Two aerospace companies based in Colorado have joined forces to develop a new airplane.
XTI Aircraft Company announced earlier this month that it will work with By Aerospace to create a new gas/electric hybrid airplane.
This isn’t just any ordinary hybrid plane, though. The two companies are looking to design a six-seat airplane that’s capable of taking off and landing vertically, similar to a helicopter. Dubbed the “TriFan,” it’s a bold new idea that could prove revolutionary in how we travel. According to the two companies, the TriFan will be able to achieve an altitude of 35,000 feet in just ten minutes, while also taking off and landing vertically.
Of course, vertical takeoffs and landings open the doors to a whole new world of possibilities. The TriFan, for instance, could be used in otherwise small airstrips that lack the necessary space for traditional airplanes to take off and land. A typical commercial jetliner must reach 150-180 mph to take off and land. If the airstrip isn’t long enough, it won’t be able to reach these speeds and produce enough lift to rise. With the TriFan, however, this isn’t an issue, as takeoff and landing is performed vertically instead of horizontally.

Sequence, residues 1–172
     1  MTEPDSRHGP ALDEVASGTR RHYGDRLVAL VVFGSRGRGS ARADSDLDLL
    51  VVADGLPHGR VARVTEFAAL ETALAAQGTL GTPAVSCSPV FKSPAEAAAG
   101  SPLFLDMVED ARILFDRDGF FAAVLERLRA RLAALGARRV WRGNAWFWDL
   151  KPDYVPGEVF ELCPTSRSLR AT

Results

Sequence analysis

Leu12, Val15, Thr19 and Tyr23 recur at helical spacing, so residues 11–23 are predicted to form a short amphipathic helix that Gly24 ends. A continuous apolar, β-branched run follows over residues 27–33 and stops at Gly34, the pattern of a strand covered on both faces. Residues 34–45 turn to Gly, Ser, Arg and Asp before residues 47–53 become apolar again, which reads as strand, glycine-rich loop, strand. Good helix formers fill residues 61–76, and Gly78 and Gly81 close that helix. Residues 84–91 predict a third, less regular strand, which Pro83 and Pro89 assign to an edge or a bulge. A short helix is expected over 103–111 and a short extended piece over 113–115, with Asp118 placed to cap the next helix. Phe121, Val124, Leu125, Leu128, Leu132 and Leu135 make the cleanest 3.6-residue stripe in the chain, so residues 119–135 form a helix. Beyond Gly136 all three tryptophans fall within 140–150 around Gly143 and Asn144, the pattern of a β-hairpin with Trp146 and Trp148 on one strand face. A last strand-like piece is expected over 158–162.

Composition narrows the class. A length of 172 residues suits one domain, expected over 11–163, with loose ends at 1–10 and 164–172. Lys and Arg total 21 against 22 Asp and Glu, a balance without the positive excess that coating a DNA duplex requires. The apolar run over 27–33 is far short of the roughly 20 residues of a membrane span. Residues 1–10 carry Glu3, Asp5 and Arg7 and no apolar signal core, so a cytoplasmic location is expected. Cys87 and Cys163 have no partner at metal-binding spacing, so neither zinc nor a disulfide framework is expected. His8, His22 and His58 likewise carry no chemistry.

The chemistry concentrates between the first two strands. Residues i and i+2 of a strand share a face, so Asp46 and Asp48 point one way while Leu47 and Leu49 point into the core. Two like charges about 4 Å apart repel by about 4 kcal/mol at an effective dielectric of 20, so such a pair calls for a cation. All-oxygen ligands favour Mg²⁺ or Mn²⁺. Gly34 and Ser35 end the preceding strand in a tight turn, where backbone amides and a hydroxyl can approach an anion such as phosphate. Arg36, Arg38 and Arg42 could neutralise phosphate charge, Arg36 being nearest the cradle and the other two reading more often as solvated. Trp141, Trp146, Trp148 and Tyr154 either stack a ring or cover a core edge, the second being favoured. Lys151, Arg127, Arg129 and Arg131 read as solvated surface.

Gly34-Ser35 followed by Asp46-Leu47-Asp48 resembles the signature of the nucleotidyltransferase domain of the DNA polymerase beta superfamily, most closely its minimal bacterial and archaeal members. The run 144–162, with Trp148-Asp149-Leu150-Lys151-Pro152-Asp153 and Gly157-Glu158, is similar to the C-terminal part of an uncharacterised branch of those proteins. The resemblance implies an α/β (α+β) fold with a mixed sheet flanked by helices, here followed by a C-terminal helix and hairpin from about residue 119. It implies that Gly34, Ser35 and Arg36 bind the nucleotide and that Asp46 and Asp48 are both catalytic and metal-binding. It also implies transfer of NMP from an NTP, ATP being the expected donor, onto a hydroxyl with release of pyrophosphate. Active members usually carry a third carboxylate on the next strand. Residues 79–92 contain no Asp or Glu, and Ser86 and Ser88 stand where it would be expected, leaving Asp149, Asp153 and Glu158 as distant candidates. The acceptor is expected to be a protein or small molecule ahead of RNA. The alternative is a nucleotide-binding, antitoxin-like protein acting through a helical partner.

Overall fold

So, how does the TriFan work? The current prototype will feature three fans that produce roughly the same speed and range as a traditional small jet. In terms of speed, the two companies say the prototype will be able to achieve speeds in excess of 300 mph, which is pretty impressive to say the least.
It’s also worth noting that the TriFan, when complete, is expected to be lighter, safer, quieter and cleaner than traditional jets, according to a statement released by XTI.
There’s still no word on when exactly the prototype will be finished. However, the two companies say that the first prototype will be a full-size version of TriFan instead of the scaled down version that they were originally planning to make.
“We’re continuing with our plan but we’ve made two important changes. First, with the engineering expertise of the team at Bye Aerospace, this first prototype will be powered by a state-of-the-art hybrid-electric propulsion system. Second, because we’re now able to significantly reduce the weight and cost of producing the TriFan, our first prototype will be a full-size TriFan 600 instead of the 65 percent subscale version,” said XTI CEO Robert LaBelle in a press statement.